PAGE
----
EghtesadOnline: Based on an agreement between Iran and the Eurasian Economic Union, exports of Iranian biscuit and chocolate to the EEU member states will be exempt from customs duties, a deputy minister of industries, mining and trade said on Wednesday.
A draft agreement between Iran and EEU was signed in Yerevan, Armenia, on July 5 after more than a year of negotiations for levying preferential export tariffs on 350 Iranian industrial products in return for 180 commodities from EEU.
The agreement was signed by Mojtaba Khosrotaj, who is also chairman of Iran’s Trade Promotion Organization, and EEU Trade Minister Veronica Nikishina, Mehr News Agency reported.
Iran exports $500-600 million worth of chocolates, biscuits and pastries every year. Experts believe that if the import of the required raw materials is facilitated, the figure can reach $1 billion, as production units are running below capacity, according to Financial Tribune.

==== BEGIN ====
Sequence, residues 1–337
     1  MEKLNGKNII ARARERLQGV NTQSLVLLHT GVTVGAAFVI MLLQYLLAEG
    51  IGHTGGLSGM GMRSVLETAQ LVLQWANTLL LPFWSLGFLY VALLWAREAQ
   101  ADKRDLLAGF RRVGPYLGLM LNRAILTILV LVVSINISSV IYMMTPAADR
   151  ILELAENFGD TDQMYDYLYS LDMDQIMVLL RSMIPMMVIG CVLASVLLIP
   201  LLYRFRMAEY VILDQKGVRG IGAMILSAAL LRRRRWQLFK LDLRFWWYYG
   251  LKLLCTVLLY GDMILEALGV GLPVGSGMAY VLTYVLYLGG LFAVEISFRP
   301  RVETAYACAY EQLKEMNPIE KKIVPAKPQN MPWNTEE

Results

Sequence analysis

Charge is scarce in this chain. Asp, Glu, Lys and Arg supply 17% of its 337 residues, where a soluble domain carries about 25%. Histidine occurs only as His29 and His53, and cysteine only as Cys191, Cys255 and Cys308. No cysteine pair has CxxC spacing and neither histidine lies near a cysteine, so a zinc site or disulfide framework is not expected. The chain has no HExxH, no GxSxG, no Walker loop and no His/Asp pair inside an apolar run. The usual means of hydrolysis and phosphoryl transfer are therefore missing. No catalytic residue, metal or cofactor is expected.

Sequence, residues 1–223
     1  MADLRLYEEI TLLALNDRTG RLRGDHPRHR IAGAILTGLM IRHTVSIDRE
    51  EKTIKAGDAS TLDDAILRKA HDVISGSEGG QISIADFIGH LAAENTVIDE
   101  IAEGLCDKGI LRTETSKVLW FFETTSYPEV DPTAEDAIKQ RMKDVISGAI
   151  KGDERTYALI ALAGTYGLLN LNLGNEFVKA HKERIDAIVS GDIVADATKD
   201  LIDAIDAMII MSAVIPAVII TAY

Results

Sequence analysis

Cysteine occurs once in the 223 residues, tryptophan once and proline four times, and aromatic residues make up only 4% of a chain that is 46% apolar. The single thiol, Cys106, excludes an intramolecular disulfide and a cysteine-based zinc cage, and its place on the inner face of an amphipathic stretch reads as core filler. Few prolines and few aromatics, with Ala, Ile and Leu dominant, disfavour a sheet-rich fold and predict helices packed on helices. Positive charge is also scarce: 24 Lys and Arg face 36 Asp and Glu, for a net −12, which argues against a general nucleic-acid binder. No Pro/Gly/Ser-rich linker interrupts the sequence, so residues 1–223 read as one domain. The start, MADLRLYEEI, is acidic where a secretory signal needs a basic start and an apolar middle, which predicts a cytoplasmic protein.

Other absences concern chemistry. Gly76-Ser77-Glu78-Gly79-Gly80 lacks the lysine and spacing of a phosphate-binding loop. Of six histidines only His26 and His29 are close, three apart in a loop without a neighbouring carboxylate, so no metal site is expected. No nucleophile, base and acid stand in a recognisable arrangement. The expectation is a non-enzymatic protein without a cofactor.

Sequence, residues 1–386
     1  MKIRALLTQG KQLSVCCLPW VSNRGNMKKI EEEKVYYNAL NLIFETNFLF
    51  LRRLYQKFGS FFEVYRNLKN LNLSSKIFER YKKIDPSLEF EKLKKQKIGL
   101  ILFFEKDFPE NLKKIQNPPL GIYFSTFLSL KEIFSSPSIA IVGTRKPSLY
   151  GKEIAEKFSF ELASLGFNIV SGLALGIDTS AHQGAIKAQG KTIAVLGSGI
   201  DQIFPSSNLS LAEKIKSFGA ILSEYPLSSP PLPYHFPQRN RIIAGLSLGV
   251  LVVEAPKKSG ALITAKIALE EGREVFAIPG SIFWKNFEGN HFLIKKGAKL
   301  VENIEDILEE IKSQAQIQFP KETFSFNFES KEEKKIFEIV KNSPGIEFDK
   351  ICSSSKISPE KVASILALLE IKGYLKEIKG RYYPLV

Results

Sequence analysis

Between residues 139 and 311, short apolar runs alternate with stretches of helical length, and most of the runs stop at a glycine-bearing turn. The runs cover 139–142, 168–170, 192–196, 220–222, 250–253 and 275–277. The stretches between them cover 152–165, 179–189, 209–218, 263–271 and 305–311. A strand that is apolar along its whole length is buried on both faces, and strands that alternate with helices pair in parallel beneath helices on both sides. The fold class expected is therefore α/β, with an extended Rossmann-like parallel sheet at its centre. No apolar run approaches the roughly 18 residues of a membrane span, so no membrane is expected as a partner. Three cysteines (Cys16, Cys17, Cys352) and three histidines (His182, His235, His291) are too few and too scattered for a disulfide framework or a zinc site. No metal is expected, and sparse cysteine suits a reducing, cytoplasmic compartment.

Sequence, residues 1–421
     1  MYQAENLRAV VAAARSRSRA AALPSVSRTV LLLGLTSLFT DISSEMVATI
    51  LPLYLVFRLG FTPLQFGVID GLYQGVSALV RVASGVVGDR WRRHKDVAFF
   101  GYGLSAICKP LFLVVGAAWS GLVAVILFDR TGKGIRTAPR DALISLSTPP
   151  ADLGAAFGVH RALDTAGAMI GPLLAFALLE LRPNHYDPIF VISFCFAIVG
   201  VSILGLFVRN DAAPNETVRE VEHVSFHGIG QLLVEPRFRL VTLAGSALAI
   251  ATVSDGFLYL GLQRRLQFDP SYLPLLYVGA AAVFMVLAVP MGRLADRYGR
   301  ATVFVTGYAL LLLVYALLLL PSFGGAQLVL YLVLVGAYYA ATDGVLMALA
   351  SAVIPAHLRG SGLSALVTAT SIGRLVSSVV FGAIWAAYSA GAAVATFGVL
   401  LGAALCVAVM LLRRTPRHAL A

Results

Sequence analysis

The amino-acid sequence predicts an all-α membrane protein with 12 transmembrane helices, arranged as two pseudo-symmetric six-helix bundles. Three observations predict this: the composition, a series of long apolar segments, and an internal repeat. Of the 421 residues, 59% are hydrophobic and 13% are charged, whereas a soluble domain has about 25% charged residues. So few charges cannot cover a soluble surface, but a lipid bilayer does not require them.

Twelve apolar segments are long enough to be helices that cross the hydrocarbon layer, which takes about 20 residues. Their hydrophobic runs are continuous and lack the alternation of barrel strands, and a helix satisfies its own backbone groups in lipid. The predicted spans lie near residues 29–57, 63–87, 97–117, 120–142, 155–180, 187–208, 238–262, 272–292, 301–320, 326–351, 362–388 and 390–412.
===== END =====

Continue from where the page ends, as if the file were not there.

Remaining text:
With around $118 million worth of exports, chocolate products were the main foodstuff shipped from Iran to overseas destinations during the six months to Sept. 22. Sweets and chocolates account for 30-40% of Iran’s total food exports.
Khosrotaj announced that exports to the member states of Eurasian Economic Union will either be fully exempt from customs duty or enjoy a duty cut of up to 80%.
Per capita biscuit, chocolate and sweets consumption in Iran amounts to 2 kg per year while the average figure for European countries stands at around 10 kg.
Close to 50% of Iran’s biscuits and chocolates are produced in the city of Tabriz in East Azarbaijan Province. Over 850 production units in Tabriz are also exporting their products.
The Eurasian Economic Union is an international integration economic association of Russia, Belarus, Kazakhstan, Armenia and Kyrgyzstan.
The union has an integrated single market of 183 million people and a gross domestic product of over $4 trillion.
EEU calls for the free movement of goods, capital, services and people and provides for common transport, agriculture and energy policies, with provisions for a single currency and greater integration in the future.